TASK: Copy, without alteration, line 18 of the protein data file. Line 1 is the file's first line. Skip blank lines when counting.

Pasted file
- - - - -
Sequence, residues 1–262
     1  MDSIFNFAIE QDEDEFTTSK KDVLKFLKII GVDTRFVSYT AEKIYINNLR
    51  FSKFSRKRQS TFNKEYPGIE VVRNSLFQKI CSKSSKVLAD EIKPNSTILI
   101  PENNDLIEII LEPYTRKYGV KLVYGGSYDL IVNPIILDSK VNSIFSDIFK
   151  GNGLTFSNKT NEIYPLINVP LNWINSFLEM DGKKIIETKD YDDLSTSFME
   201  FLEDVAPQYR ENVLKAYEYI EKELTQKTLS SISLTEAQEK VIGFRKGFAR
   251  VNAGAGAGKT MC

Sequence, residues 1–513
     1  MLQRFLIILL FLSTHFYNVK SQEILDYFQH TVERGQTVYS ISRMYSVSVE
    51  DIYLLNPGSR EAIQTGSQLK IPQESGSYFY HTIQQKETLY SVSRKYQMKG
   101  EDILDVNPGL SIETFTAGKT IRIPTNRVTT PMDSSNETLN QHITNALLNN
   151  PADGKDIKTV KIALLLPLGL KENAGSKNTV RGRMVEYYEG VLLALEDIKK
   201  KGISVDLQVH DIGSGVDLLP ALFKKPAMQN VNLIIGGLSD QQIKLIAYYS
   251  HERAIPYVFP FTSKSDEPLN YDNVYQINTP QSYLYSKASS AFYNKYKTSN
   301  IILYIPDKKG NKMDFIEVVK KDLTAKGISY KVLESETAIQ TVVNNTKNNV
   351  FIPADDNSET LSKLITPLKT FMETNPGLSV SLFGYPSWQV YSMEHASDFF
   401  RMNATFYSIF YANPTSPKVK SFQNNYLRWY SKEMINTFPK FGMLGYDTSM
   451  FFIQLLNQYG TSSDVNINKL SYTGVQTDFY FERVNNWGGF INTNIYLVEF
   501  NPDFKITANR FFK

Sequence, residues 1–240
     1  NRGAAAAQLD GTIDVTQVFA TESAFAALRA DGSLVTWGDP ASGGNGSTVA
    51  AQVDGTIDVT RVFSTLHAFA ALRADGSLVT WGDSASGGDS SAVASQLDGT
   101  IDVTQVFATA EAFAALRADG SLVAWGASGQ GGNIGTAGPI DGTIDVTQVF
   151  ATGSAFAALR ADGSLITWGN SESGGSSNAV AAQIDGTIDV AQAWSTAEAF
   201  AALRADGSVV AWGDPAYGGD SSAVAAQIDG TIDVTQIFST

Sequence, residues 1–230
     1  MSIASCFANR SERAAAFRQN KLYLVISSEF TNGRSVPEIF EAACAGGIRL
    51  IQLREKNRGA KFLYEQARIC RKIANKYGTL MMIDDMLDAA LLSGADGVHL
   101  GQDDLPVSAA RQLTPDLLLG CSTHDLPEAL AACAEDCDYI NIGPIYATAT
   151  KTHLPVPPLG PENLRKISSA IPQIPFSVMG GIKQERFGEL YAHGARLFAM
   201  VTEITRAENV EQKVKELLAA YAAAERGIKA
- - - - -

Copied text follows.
   451  FFIQLLNQYG TSSDVNINKL SYTGVQTDFY FERVNNWGGF INTNIYLVEF